Archaeology Blog

“Take heede when ye wash”: Laundry at Poplar Forest

Karen E. McIlvoy

Who does the laundry in your house? Do you have a machine? According to the most recent statistics, almost 78% of laundry in the US is done by female household members. Today’s modern conveniences allow a single load of laundry to be completely cleaned and dried in about 90 minutes, but laundry in the 1800s was an arduous process that took days to complete.ˡ Research at Poplar Forest is currently exploring a possible laundry room in the Wing of Offices, trying to better understand the enslaved female labor that helped the plantation operate.

While he was never a full-time resident, Thomas Jefferson regularly visited Poplar Forest after he retired from the Presidency in 1809. He added a Wing of Offices to the east of his retreat home by 1816, consisting of four rooms in a row connected by a covered walkway along the south side. It was demolished and replaced in the 1840s, but was reconstructed following architectural and archaeological evidence in 2009 and is now a main part of the visitor experience at Poplar Forest.

The second and fourth rooms in the Wing have been identified as a kitchen and smokehouse, respectively. However, the functions of the first and third rooms are more ambiguous. The third room in the Wing has long been interpreted as a possible laundry room, based largely on indirect correlates with Monticello, draft architectural sketches from Jefferson’s papers, and architectural remains found within the Wing footprint.² But a deeper examination of archaeological remains may shed some light on this possibility.

Laundry is a prosaic and ubiquitous chore, so discussions of it have always been infrequent in the historical record. This has unfortunately led to the false impression that people in the past didn’t wash their clothes. This is simply untrue. Examining various account books, sermons, legal regulations, and housewifery guides published in the 18th and 19th centuries, three things become very clear: 1. laundry occurred more regularly than popularly imagined, 2. washing clothes has always been considered “women’s work”, and 3. laundry was generally an onerous, loathsome, and time-consuming chore that women hated.

For example, simply getting started was hard enough. An average day of laundry required about 180 pounds of firewood and each ‘load’ could use 30-50 gallons of water. If the water had too high a mineral salt content, then it would react with the soaps and leave a scum on the cloth, so it had to be either collected from the right source or neutralized in advance. Metal pots were used to heat water and boil clothes, but water, heat, and acidity all cause mineral iron to leach out of iron vessels, contaminating the water and staining the clothing. Thus, washerwomen had to take care to use large copper or tinned kettles instead.

Once all the resources were prepared, the laundress could proceed with sorting, soaking, scrubbing, treating, boiling, bluing, bleaching, starching, wringing, drying, ironing and repairing the clothes. Each stage of laundry had many variations in equipment, methods, and details depending on the habit of the woman in charge. One woman might perform a step usually omitted by another or the day’s wash might not contain any items requiring a specific step. But despite the idiosyncratic nature of the details, the basic process was universal and did not change until the invention and spread of the modern washing machine in the mid-20th century.³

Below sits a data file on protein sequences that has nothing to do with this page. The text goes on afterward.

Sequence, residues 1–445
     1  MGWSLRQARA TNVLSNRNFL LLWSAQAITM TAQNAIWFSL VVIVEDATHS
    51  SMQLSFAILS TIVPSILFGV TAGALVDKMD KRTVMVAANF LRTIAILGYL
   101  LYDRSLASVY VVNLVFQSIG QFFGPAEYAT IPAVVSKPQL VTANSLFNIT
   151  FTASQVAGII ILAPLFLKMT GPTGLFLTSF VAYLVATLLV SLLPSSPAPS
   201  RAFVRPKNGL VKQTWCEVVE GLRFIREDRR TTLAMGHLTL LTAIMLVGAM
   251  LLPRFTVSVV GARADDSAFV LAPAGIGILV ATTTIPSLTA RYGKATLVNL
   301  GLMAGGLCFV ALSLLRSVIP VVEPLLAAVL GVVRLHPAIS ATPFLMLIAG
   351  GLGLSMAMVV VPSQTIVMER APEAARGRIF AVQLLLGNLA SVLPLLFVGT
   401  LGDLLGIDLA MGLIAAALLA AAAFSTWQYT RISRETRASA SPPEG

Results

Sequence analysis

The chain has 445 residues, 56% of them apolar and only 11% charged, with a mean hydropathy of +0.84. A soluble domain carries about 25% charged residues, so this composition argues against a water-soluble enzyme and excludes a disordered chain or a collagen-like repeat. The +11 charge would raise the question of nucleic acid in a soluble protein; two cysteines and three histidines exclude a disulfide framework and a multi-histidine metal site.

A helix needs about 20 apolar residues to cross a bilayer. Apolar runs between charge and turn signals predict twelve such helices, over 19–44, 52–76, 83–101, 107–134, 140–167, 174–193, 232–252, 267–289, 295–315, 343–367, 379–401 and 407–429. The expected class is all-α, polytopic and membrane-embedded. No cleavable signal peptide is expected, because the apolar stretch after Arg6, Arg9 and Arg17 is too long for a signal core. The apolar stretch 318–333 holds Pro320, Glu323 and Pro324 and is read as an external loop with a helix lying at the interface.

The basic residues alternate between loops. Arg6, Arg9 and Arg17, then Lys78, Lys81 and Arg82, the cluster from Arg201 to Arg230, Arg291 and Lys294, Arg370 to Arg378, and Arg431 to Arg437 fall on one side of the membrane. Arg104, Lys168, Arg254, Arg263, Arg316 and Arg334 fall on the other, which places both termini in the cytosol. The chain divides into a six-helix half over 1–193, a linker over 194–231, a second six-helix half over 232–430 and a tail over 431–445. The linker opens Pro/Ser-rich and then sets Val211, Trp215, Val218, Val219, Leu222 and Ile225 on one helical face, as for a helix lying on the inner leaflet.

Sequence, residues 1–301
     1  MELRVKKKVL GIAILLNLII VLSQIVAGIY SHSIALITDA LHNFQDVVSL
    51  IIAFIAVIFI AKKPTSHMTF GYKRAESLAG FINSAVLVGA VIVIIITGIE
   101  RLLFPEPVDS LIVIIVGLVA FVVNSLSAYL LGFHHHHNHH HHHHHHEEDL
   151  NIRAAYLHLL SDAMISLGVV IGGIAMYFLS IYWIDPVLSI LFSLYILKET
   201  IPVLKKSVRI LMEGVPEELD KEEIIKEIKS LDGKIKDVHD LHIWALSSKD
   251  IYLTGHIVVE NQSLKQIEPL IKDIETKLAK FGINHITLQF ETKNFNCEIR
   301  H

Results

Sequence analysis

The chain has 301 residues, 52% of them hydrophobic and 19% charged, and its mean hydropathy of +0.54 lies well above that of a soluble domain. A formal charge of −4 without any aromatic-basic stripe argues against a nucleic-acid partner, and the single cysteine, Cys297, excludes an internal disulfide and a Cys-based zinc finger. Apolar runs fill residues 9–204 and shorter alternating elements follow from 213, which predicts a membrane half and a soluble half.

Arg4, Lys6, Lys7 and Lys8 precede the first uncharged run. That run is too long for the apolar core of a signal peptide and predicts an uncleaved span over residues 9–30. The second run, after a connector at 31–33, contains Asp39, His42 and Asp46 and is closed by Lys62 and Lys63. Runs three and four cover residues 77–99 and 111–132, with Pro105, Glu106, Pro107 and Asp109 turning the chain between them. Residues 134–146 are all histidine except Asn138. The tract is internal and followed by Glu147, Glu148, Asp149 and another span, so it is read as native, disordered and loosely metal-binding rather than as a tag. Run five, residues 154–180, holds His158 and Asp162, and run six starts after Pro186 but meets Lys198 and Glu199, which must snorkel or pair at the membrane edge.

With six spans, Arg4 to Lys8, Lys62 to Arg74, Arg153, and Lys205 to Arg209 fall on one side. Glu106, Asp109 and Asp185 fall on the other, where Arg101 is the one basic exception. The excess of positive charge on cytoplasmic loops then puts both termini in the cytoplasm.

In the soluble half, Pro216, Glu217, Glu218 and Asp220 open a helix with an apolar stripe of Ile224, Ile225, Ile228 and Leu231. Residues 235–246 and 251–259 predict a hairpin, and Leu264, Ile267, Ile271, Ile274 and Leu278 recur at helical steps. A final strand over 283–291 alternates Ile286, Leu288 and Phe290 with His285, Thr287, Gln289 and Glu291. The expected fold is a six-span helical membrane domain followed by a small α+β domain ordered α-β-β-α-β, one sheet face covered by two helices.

When looking at a possible laundry area, three main factors must be considered: location, architecture, and artifacts. Easy access to a source of acceptable water was crucial. Just as important was a way to dispose of that water along with soap, bleach, and ashes at the end of the day. An average wash kettle was 24 inches in diameter and weighed 70 pounds when empty. Such a vessel needed a large fireplace if not an open fire in the yard. Other features to consider are a solid brick or stone floor to reduce the chance of dust in the air, good ventilation to release steam and heat and allow air flow around drying garments, and a good drainage system to prevent water from pooling. Artifacts from the actual steps of the laundry process are clearly ideal for interpreting that activity, but the objects most likely to be archaeologically recovered are buttons and other clothing fasteners.

So how does the interpretation of the third room in the Poplar Forest Wing of Offices as a laundry room stand up to scrutiny?


Several streams crisscross the property, so getting water has never been difficult at Poplar Forest. The house is located centrally between two branches of the Tomahawk Creek and only about 400 feet east of what is historically called Jefferson’s Spring. This was the main source of water for the house until the late 20th century.

Excavations inside the Wing uncovered back-to-back hearths in the second and third rooms. The hearth facing into Room 3 was six feet across and built from heavy stones, making it suitable for the hotter fires required to boil wash water and heat irons. Extending outward was a floor of handmade bricks laid in a straight soldier course. Foundations also showed a door on the south wall.

Several sections of a French Drain were uncovered running east-west across the southern face of the Wing before veering south along the inside edge of a sunken lawn. Although it was most likely intended to catch rainwater dropping from the Wing’s roof, it demonstrates the awareness of drainage as an important matter in the area.